Within organizations, most analytics are effectively ‘black box’ systems that are too opaque to be verified by most individuals
There's no doubt that data and analytics (D&A) has become a resident member in an organization today. However, do organizations really trust and depend on it?
KPMG International commissioned Forrester Consulting to examine the power of trust in data and analytics (D&A) in more than 2,000 organizations from around the world.
The report shows that organizations do not fully trust their analytics. Only 38 percent have a high level of confidence in their customer insights. And only a third seem to trust the analytics they generate from their business operations. Yet the vast majority say these insights are critical to their business decision-making.
While trust in D&A is a significant challenge for organizations, the study claims that a few seem to be talking openly about it. It highlights the trust gap that threatens every organization.The study recommends four key drivers for this growing interest in trust:
1. Analytics are becoming increasingly integral to business decisions
The study confirmed that D&A is now central to business decision-making, particularly in areas that drive new growth, improve productivity and manage risk, particularly fraud. Of the organizations surveyed, 50 percent say they have adopted some form of predictive analytics and 49 percent say they use advanced visualization, beyond traditional static charts and graphics.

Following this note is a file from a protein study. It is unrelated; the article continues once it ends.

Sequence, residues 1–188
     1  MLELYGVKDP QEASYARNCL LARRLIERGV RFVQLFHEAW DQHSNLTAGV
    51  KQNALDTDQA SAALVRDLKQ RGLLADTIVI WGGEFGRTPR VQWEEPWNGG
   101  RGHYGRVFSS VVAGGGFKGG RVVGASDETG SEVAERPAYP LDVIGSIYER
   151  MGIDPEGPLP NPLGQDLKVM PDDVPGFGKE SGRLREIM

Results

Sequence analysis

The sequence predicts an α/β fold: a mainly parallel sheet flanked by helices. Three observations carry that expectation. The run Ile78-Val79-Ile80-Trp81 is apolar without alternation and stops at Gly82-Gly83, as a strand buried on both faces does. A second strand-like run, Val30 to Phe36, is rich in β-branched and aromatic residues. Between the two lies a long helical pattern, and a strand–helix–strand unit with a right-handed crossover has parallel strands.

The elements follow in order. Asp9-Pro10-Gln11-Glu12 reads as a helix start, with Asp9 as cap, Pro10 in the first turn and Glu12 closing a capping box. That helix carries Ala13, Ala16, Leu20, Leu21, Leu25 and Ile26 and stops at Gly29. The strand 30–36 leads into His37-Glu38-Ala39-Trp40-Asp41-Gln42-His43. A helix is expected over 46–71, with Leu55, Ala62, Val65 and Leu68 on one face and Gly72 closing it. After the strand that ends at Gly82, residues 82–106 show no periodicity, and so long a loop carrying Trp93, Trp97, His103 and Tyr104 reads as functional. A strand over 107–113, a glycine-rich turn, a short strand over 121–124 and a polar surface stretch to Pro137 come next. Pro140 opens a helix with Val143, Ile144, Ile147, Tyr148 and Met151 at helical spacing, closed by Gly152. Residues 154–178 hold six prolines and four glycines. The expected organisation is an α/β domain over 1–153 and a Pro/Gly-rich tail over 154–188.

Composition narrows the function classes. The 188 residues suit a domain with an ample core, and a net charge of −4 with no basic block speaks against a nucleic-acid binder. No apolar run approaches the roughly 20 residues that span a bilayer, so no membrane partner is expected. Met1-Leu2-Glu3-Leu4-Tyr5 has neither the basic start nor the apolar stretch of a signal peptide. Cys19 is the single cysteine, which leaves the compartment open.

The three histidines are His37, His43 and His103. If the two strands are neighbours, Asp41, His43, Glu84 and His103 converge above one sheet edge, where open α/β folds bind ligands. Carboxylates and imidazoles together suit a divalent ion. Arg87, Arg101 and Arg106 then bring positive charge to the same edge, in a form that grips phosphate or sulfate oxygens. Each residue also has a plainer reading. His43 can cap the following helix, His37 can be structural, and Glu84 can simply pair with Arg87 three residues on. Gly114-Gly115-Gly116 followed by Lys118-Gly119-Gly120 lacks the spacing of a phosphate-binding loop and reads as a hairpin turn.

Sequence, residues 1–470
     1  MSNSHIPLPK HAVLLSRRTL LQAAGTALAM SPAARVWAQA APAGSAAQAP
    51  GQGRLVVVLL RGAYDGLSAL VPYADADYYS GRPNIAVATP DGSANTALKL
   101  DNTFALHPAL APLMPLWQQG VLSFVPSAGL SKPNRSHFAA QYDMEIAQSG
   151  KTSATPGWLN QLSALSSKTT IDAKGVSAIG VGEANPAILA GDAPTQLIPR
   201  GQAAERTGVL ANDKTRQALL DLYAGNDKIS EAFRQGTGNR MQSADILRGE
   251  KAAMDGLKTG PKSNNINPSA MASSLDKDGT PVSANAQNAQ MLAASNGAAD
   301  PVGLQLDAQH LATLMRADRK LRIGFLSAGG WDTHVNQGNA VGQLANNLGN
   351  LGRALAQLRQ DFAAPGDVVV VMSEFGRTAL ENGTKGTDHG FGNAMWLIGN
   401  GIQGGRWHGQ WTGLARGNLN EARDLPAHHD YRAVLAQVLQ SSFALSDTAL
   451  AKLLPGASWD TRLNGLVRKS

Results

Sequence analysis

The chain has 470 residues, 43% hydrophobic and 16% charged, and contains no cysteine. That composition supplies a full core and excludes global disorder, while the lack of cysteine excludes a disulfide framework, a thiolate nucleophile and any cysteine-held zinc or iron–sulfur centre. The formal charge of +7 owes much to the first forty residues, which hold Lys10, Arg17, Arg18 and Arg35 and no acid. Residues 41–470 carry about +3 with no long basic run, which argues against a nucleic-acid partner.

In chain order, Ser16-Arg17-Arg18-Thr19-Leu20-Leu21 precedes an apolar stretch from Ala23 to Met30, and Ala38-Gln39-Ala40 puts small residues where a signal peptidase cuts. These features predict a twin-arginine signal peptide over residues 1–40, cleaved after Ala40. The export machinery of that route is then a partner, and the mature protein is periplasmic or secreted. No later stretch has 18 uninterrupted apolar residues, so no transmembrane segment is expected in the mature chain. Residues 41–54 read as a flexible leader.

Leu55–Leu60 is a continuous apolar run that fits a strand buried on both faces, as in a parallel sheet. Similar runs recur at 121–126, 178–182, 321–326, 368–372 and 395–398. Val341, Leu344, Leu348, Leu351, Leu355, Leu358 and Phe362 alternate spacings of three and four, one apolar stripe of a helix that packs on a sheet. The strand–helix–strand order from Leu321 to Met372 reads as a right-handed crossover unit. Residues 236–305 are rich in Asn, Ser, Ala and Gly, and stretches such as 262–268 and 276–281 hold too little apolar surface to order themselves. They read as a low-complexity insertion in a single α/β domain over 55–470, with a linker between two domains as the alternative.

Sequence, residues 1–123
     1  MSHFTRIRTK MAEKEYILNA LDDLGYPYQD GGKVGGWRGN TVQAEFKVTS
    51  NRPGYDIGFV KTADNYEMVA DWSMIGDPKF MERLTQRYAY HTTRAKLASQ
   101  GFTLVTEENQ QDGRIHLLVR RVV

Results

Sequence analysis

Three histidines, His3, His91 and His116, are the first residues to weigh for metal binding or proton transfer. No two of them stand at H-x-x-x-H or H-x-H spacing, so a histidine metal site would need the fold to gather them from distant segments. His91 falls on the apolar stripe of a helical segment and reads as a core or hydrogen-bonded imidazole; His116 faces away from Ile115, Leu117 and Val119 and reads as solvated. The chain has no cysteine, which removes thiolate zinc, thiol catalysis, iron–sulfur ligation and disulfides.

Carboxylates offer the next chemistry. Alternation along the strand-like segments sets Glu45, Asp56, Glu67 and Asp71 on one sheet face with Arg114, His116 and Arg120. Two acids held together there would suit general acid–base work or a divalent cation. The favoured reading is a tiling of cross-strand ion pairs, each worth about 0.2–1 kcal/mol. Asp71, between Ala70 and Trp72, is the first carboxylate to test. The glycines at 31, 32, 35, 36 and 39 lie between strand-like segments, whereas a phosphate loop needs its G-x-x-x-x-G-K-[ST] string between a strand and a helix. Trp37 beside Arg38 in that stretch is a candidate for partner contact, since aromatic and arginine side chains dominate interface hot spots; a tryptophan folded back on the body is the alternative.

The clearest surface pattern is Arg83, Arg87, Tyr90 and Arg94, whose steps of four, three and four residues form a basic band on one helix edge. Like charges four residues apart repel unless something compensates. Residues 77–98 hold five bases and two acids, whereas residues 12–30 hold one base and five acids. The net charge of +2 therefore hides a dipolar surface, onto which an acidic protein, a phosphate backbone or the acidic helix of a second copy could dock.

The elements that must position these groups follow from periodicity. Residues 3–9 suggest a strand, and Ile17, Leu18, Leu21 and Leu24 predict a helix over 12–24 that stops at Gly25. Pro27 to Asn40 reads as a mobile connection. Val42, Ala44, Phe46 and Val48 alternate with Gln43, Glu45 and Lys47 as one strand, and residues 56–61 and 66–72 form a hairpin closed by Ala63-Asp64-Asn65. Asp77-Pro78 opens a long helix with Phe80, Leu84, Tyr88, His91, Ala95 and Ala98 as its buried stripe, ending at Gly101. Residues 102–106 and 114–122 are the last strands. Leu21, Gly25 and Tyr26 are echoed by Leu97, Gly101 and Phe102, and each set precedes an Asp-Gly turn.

2. Lives depend on analytics
Organizations that target consumers based on inaccurate predictions, for example, will quickly erode (if not extinguish) consumer trust and shake the confidence of those executives who rely on these predictions to make informed decisions.
3. ‘Black boxes’ are hard to trust
Algorithms are not physical machines you can pull apart. Indeed, the internal workings of algorithms and models are largely hidden. Even within organizations, most analytics are effectively ‘black box’ systems that are too opaque to be verified by most individuals.
4. Use of D&A increases reputational risk
Organizations recognize the link between their analytics. There are clear commercial risks if customers, reputations and their use of D&A. In fact, 70 percent of investors or regulators do not believe D&A is being used in a way that is considered valuable or appropriate. In fact, 70% of the respondents say that by using data and analytics, that is considered valuable or appropriate, for example, expose themselves to reputational risk.
Add new comment